The Team Angelos partner with the second-biggest stake in ownership was local author Tom Clancy, who Angelos told the audience would be overseeing Orioles public affairs and special events.

Angelos said all of the right things and preached patience and his full effort to building a winner for Baltimore, something the fans hadn’t seen since the 1983 World Series, which was the Orioles’ last postseason berth. Angelos understood he would be held under the microscope and wanted to be a good steward of the franchise.

“But if you are a fan and in a position of being the team managing partner, that is when you have to exercise restraint and judgment and remember the opinions you have as a fan don’t always apply,” Angelos said.

“I am a good listener,” he bragged. “I like to get input from the professionals. In the beginning, I am sure it will be necessary for me to devote substantial time to the Orioles. But as I become more attuned to the operation of a major-league franchise, that amount of time may be reduced.”

When asked if there were enough hours in the day to be a great baseball owner and a great lawyer, Angelos said: “I think I can handle both.”

There were salutations all over Baltimore as the team came back to local ownership with a litany of huge names and stars and an owner who pledged his money into buying the Orioles under the mantra that he loved his hometown and that his hometown deserved a championship.

“He’ll [Angelos] put a ballclub on the field, spend money and make us proud,” then-Governor William Donald Schaefer said. “Peter is a winner. He didn’t buy the team to lose. I don’t think he’ll be afraid to spend money. If there is one guy he needs to get over the top, he’ll get him. He’s not a shrinking violet.”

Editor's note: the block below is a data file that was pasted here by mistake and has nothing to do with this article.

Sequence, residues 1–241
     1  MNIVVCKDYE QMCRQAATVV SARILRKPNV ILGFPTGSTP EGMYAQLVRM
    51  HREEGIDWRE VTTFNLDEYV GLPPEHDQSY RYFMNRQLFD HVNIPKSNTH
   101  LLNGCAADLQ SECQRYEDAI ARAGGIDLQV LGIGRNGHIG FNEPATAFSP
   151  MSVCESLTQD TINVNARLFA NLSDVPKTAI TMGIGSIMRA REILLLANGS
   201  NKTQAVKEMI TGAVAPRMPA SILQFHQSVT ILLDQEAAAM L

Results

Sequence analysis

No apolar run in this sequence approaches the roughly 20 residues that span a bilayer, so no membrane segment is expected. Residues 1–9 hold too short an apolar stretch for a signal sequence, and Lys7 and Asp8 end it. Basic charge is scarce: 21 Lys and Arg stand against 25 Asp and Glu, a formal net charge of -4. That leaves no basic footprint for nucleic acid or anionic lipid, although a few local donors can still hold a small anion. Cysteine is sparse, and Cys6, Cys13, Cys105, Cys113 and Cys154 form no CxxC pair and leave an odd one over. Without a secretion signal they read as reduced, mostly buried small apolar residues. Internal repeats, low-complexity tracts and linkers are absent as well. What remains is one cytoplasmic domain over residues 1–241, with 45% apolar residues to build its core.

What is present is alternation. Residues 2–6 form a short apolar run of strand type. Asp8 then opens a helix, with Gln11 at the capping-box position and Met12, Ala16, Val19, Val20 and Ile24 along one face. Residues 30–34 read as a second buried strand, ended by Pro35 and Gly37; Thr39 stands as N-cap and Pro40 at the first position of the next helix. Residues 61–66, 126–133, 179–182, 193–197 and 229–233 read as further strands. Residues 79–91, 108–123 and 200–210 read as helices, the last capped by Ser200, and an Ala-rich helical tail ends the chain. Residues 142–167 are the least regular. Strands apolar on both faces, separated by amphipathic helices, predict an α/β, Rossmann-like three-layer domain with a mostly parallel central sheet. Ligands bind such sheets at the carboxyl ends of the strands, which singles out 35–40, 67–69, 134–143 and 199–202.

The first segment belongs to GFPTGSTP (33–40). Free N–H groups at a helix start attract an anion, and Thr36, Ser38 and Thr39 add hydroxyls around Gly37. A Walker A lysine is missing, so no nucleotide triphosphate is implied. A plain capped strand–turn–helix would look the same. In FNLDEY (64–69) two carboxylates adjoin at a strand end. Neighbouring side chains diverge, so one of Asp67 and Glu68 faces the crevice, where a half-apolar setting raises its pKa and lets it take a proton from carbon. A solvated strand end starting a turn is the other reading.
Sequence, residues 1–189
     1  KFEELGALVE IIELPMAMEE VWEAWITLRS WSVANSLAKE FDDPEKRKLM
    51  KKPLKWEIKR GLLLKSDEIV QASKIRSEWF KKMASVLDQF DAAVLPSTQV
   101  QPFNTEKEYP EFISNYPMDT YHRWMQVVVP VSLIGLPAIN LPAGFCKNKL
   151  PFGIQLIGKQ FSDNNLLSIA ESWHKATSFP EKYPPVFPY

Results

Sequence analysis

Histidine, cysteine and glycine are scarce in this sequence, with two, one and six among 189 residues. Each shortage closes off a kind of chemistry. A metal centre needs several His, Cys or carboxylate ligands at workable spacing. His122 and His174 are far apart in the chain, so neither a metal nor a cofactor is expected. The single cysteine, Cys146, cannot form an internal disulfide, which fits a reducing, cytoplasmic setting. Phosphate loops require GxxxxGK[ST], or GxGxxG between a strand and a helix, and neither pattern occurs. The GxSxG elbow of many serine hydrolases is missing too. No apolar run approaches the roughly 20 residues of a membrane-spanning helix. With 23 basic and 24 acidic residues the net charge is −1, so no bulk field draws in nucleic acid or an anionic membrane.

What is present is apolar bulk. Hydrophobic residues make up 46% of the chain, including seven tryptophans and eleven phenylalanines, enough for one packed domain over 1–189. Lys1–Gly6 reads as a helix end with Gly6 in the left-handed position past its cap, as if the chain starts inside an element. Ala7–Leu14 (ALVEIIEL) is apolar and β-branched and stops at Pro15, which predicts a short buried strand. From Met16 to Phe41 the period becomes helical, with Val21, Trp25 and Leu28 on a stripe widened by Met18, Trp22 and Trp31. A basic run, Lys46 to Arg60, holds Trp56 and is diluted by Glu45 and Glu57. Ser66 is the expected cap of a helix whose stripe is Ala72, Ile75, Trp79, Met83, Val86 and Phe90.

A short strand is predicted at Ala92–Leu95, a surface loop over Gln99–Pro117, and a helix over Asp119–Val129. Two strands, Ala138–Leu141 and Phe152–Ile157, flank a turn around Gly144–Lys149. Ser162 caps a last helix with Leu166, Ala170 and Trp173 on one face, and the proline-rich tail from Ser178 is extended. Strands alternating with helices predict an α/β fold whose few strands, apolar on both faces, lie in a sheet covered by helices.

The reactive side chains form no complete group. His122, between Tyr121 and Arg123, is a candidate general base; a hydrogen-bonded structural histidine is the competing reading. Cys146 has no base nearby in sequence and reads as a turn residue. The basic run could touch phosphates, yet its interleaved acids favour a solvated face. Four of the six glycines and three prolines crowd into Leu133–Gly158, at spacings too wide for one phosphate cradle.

Local sportswear mogul Leonard “Boogie” Weinglass, who was pledged to buy a small stake as a part of Team Angelos, was effusive in the newspaper: “I’m delighted to have him in charge. Peter’s the man!”

Beyond the questions about the people involved, Angelos once again shared his thoughts about the Orioles and “thinking local.”

At his press conference, Angelos said: “It seemed to me incongruous that a city as thriving as Baltimore and a state as wonderful as Maryland always required help from out of town with our ballclub. I made it very clear that control of the ballclub will be in Baltimore completely.”

“There is going to be no sharing of authority in the running of the ballclub with anybody from outside the state,” Angelos said. “I told Mr. DeWitt quite candidly that there was no way that ownership of the club was going outside the state. It was not going to Cincinnati. It was not going to New York. I think there came a point where he realized that.”

DeWitt told The Sun he accepted a non-controlling interest because of his desire to have a more hands-on role win the operation of a baseball franchise. “I’m a limited partner with the Rangers and don’t have any active involvement in the operation of the team,” DeWitt said. “Here, I would represent the ownership group with respect to those kinds of decisions. The day-to-day operation of the club will be like it is now, but I would expect to advise the ownership on major transactions like trades and signings.